Franco-American: Great relations at HdV
Put HdV’s Stéphane Vivier squarely in the “wine is made in the vineyard” column.
“We work hard to frame the best interpretation, the best picture of the vineyard and put it in the glass,” Vivier (left) said. “We want to put in the glass a picture of the vineyard, not a picture of the winemaker.”
That’s not surprising coming from a winemaker working with one of California’s foremost growers (Larry Hyde) and one of France’s finest vintners, Aubert de Villaine (who in his spare time oversees a little operation called Domaine de la Romanée-Conti).
Or from someone lucky enough to be plying his trade in Carneros’ Hyde Vineyard, which he calls “definitely premier cru headed toward grand cru.
Vivier esepcially likes the consistent weather conditions in his swath of Wine Country. “You get fog, then that luminous, intense Napa Valley sun,” he said, “and at about 3:30 to 4, the cool winds from the Petaluma Gap and San Pablo Bay.”
But HdV — bearing the initials of its two proprietors’ surnames (de Villaine is married to Hyde’s cousin Pamela) — is not built around a laissez-faire approach.
“A lot of people say we make wine with minimal intervention,” Vicier said. “But you need to intervene in the vineyard. We have to create that stress to get the best grapes possible.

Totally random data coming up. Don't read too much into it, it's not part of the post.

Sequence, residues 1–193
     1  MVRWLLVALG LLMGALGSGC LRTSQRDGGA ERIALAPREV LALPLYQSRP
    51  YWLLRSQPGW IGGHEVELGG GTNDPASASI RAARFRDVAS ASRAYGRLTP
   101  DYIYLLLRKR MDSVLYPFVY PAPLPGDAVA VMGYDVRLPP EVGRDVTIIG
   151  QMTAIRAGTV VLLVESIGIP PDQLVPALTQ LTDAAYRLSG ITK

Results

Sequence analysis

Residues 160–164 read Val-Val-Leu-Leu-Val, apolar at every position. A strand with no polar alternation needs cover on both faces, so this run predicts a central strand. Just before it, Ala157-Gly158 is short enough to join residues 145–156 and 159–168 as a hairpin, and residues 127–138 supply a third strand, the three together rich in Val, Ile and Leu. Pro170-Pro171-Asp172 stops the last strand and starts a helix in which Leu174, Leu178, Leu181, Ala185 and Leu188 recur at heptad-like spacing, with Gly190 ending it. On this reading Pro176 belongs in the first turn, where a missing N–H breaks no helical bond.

Part of that stress comes from dry-farming, the only winery using Hyde Vineyard grapes to do so, and in “letting the grapes stress,” Vivier said.
HdV does one extra bit of intervention of sorts in the winery. “We press chardonnay for five hours here, maybe more than anyone,” Vivier said. “Chardonnay is not about fruit. Chardonnay is about texture and grain.
The chardonnay and a red Bordeaux blend were the first HdV wines, from the 2000 vintage; syrah and pinot noir have been added since.
And while it’s almost always folly to dub any California wines “Old World,” you can see France from there when consuming these wines. The French influence has come from one of the true masters, executed by a fellow Frenchman in Vivier.
“Aubert designed this so that we wouldn’t change our style,” Vivier said. “Now that the pendulum is swinging back to this style of wine “¦”
Recommended wines: Hyde Vineyard Chardonnay ($60, vibrant, great structure, endless), Syrah ($50, beefy, smoky, smooth).
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